It's a topic that has dominated the headlines and President Obama's time for months now: health care in America.
While the president's plan has recently come under fire from Republicans and voters alike, author T.R. Reid took a tour of other countries to explore their answers to the health care conundrum and find out how the U.S. could learn from their shortcomings and successes.
By talking to experts, from government officials to doctors, Reid discovered inspiration in the ways some countries can give their people quality health care at an affordable cost.
Read an excerpt of "The Healing of America" below, and head to the "GMA" Library for more good reads.
Mrs. Rama came sweeping into my hospital room with the haughty grandeur of a Brahmin empress, wearing a salmon pink sari and leading a retinue of assistants, interpreters, and equipment bearers. It wasn't exactly medical equipment they were carrying, because Mrs. Rama wasn't exactly a doctor. Still, her professional services were considered an essential element of the medical regimen at India's famous Arya Vaidya Chikitsalayam, the Mayo Clinic of traditional Indian medicine.
Indeed, Mrs. Rama's diagnostic work is covered by Indian medical insurance. As she set up her equipment—on a painted wooden board, she carefully arranged a collection of shells, rocks, and statuettes of
Hindu gods—Mrs. Rama told me that she was connected to the clinic's Department of Yajnopathy, an ancient Indian specialty that roughly equates to astrology. Her medical role was to ascertain my place in the cosmos; in that way, she could determine whether the timing was propitious for me to be healed. Any fool could see, she explained in matter-of-fact tones, that it would be a mistake to proceed with medical treatment if the stars in heaven were aligned against me.
For all her majestic self-assurance, Mrs. Rama did not immediately inspire confidence in her patient. After asking some basic questions, she shuffled the stones and statuettes around her checkerboard and launched into my diagnosis. "In the summer of 1986, you got married," she declared firmly. Well, not exactly. In the summer of 1986, my wife and I celebrated our fourteenth wedding anniversary; by then we had three kids, a dog, and a minivan. "In 1998," she went on, "you were far from home and were treated for serious illness." Well, not exactly. Our American family was, in fact, living in London in 1998; but in that whole year, I never saw a doctor.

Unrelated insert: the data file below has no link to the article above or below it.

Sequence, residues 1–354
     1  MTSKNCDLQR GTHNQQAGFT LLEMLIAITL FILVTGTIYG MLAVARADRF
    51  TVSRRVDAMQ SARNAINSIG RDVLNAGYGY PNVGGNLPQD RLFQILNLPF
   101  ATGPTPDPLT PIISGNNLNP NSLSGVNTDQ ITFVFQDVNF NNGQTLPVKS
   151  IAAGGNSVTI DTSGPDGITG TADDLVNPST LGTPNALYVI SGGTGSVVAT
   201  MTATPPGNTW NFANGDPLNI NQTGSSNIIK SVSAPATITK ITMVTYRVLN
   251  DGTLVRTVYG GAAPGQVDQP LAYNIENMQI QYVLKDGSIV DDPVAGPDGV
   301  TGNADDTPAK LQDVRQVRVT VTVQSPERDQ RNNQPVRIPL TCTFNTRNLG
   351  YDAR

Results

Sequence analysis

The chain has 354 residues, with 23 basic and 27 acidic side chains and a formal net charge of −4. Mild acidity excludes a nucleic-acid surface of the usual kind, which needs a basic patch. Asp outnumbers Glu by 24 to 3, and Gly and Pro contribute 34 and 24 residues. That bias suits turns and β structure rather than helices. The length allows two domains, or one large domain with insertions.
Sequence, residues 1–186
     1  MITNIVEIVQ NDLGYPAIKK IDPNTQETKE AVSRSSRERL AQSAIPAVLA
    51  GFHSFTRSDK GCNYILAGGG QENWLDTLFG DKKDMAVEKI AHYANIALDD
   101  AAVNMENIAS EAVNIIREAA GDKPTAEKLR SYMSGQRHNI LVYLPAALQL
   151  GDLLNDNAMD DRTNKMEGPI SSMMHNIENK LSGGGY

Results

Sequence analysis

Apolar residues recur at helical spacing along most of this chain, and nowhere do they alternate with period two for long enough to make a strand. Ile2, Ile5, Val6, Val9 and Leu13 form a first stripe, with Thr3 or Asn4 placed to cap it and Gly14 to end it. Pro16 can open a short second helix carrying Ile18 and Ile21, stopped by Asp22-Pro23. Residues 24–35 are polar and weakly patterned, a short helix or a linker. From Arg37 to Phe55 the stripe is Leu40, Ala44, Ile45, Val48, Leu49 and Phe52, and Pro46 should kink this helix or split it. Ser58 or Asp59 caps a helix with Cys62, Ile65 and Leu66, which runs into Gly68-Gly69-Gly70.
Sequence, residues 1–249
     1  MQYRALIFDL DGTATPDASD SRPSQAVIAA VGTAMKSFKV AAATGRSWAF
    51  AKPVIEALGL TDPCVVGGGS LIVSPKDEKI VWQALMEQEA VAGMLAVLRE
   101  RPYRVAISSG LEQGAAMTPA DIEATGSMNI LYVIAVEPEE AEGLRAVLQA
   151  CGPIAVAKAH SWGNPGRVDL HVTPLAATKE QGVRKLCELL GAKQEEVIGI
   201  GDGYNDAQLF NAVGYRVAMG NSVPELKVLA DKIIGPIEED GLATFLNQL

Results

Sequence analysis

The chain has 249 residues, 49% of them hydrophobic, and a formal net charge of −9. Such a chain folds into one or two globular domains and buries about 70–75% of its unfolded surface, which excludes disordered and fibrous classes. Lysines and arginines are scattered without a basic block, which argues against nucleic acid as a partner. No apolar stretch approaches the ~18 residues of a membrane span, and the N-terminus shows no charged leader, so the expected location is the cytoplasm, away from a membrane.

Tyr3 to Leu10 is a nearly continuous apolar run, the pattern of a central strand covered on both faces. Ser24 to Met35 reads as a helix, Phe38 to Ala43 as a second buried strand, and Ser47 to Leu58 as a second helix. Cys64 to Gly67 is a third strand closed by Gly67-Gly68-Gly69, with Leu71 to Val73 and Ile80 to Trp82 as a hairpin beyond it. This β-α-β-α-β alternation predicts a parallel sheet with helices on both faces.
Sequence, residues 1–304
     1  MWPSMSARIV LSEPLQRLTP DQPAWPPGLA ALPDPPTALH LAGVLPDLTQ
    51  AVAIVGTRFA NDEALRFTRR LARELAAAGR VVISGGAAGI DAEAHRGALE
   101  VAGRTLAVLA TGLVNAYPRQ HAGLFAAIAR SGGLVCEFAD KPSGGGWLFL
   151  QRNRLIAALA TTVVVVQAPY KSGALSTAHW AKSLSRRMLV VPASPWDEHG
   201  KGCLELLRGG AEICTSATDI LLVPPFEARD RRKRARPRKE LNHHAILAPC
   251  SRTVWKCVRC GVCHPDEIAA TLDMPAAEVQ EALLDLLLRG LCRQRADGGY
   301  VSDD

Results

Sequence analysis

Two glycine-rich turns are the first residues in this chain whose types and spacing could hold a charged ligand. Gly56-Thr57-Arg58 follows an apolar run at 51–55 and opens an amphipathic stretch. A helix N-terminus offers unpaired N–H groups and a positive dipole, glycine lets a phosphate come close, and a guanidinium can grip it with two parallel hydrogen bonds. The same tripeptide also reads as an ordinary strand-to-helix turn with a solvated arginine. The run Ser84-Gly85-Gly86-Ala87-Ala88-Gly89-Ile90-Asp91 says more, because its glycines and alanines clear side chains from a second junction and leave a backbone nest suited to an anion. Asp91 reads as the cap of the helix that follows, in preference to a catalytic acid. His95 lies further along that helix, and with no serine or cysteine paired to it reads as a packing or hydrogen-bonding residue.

Mrs. Rama kept talking, but I stopped listening. To me, the stones and shells and statues all seemed preposterous. Still, I kept my mouth shut. If Indian medicine required yajnopathic analysis before health care could begin (and Mrs. Rama did eventually conclude that the timing was propitious for treatment), that was fine with me. I was willing to go along, in pursuit of the greater goal. For I had traveled to the Arya Vaidya clinic—it's in the state of Tamil Nadu, at the southern tip of the subcontinent, where the Bay of Bengal meets the Arabian Sea—on a kind of medical pilgrimage. I was on a global quest, searching for solutions to two different health problems, one personal and one of national dimensions.